The fossil biscuits I have looked at, from Florida to Madagascar, are said to come from three specific historic epochs – from the oldest, Jurassic (145m – 201m years ago),  to Eocene (34m – 56m) and Pleistocene (0.01m – 2.6m). 

HOW DOES THAT HELP ANYBODY? BE MORE PRECISE

By all means. Here is an excellent Geochart that gives an idea of the time span. A Jurassic sea biscuit would be more than 145m years old. So maybe the next plan should be to take the 2 petrified sea biscuits plus SG to a museum to see if we can get an idea of their age…geotimescale

All photos ‘in-house’ except the Delphi biscuits, Clare Latimer & the single biscuit Rhonda Pearce; Geochart to be credited asap, mislaid the source…

CHEROKEE LONG DOCK: ABACO LANDMARKS (1)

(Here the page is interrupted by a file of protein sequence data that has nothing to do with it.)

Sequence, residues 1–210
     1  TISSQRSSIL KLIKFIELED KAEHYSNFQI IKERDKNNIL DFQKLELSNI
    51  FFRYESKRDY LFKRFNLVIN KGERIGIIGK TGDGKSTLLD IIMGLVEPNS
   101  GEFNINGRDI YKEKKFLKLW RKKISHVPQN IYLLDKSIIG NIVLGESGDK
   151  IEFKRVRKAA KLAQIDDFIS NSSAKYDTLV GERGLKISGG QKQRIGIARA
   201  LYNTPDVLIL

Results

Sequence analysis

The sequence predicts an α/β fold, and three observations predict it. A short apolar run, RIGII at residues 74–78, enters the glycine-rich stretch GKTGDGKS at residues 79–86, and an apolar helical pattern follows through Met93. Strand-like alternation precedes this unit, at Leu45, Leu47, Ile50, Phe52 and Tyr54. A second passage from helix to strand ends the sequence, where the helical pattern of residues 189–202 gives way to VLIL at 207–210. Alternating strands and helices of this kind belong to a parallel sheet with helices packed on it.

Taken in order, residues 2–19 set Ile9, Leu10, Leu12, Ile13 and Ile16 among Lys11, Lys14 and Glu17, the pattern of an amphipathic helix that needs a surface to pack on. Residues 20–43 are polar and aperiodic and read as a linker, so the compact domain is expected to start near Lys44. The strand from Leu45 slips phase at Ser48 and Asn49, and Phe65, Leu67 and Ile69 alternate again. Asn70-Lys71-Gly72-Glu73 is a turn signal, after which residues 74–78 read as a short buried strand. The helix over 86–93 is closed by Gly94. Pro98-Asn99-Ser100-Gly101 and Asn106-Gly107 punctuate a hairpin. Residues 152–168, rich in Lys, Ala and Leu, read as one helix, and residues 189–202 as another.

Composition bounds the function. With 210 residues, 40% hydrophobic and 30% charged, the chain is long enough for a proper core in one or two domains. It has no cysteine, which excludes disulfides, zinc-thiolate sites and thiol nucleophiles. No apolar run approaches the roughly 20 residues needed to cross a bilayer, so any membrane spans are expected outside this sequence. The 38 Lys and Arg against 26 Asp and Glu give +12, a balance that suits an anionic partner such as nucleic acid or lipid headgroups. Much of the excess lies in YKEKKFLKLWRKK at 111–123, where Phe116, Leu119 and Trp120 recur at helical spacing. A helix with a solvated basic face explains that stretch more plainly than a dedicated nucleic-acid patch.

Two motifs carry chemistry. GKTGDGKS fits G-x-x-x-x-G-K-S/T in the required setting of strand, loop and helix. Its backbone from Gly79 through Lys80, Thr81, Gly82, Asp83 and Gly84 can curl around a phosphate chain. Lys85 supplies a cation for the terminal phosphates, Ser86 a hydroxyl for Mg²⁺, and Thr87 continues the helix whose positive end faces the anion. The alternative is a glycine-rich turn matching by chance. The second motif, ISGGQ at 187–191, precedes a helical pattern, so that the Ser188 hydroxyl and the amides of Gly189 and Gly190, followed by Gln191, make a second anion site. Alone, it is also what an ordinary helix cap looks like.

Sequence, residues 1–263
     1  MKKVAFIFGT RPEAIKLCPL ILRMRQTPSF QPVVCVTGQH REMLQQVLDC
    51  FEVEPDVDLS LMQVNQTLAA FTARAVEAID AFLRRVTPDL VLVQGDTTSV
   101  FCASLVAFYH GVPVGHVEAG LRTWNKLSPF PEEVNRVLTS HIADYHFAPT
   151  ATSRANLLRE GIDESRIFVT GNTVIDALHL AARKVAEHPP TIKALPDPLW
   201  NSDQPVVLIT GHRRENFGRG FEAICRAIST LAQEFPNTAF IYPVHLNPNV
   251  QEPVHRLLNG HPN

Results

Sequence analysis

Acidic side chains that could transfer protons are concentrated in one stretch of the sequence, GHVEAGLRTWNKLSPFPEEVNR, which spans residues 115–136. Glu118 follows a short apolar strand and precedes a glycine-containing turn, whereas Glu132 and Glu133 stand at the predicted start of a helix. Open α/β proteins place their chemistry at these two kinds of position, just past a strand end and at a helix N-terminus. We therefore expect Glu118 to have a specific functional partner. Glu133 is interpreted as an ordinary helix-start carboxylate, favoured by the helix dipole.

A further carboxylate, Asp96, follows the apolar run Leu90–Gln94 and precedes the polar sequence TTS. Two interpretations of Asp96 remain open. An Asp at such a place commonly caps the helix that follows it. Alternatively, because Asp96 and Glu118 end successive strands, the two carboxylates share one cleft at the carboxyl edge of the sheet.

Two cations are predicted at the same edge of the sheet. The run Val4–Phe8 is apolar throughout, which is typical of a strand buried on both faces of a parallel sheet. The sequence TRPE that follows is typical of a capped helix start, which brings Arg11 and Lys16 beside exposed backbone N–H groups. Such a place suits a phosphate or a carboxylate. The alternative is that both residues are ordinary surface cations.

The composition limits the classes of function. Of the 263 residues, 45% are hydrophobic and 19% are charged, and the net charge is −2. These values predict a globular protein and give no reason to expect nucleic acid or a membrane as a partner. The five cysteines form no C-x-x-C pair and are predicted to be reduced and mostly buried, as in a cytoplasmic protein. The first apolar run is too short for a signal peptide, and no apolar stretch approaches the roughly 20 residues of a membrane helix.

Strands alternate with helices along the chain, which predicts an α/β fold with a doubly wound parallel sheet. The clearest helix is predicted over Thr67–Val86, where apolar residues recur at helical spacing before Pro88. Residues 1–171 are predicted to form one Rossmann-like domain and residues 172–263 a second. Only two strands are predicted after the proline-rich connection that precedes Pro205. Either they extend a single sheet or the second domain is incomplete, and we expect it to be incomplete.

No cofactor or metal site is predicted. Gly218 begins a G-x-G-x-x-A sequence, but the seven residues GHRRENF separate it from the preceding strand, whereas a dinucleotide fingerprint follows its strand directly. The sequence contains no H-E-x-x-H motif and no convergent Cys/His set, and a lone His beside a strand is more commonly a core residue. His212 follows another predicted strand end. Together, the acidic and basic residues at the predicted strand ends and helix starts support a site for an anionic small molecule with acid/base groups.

Cherokee Long Dock Aerial (David Rees)

CHEROKEE LONG DOCK: ABACO LANDMARKS (1)

Cherokee Long Dock has a significant claim to prominence on an Island that has, with its Cays, a good few docks to admire. The impressive 770 foot wooden dock is the longest wooden dock in the Commonwealth of the Bahamas, as its plaque proudly proclaims. The waters of Cherokee Sound are very shallow in places, and as the tides retreat, so sandbanks appear and the rest is barely covered by the sea. Hence the need arose for a very long dock to serve the very small community of Cherokee.

Cherokee Long Dock, Abaco, Bahamas (Larry Towning 1)Cherokee Long Dock, Abaco, Bahamas (Larry Towning 2)

Before the roads were built – in relatively recent memory – Cherokee was an isolated settlement. There was a shortcut connection by boat to a now-abandoned dock at the nearest community, Casuarina, across the Sound. However, non-tide-dependent access from the open sea was vital for supply boats and mail boats. Access to the sea was needed by the fishermen.